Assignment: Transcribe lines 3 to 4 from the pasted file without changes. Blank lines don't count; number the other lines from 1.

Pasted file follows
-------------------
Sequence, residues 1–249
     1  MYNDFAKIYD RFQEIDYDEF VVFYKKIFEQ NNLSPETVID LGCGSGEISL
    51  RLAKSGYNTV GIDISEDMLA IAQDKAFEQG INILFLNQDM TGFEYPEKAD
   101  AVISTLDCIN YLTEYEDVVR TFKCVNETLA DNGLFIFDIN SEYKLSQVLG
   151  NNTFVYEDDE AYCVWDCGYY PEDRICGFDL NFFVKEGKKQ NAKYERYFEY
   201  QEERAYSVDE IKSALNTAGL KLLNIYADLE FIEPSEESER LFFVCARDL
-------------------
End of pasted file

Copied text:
    51  RLAKSGYNTV GIDISEDMLA IAQDKAFEQG INILFLNQDM TGFEYPEKAD
   101  AVISTLDCIN YLTEYEDVVR TFKCVNETLA DNGLFIFDIN SEYKLSQVLG